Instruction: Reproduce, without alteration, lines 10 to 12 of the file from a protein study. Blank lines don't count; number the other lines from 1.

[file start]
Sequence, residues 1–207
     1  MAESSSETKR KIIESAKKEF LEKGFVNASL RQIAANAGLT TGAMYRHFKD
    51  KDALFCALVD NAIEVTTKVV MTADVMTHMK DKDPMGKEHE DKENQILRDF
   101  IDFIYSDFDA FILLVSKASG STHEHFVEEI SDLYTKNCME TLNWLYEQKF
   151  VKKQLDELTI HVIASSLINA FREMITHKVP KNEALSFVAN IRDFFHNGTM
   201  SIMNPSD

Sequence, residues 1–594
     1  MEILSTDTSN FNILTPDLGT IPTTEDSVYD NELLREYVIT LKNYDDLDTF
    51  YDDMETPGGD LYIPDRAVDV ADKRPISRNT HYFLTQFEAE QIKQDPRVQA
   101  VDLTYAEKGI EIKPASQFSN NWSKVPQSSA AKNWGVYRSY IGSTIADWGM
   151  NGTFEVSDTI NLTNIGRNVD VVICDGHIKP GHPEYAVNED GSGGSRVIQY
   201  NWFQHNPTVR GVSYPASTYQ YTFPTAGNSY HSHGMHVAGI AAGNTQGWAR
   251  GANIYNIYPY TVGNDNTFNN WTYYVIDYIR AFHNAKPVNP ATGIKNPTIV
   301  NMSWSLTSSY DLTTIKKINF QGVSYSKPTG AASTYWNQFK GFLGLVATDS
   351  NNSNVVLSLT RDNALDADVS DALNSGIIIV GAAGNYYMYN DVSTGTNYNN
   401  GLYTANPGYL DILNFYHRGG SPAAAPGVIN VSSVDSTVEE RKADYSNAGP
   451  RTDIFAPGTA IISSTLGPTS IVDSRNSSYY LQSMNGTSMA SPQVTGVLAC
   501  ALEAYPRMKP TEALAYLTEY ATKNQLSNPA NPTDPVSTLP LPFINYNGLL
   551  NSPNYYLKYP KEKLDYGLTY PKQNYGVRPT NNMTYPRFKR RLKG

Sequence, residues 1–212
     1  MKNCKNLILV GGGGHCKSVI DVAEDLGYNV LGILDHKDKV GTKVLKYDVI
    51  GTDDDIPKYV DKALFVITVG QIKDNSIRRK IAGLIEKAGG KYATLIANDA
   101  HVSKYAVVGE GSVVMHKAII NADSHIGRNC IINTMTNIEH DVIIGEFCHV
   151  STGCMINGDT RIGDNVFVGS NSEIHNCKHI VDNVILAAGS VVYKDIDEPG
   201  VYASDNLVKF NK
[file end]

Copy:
   101  VDLTYAEKGI EIKPASQFSN NWSKVPQSSA AKNWGVYRSY IGSTIADWGM
   151  NGTFEVSDTI NLTNIGRNVD VVICDGHIKP GHPEYAVNED GSGGSRVIQY
   201  NWFQHNPTVR GVSYPASTYQ YTFPTAGNSY HSHGMHVAGI AAGNTQGWAR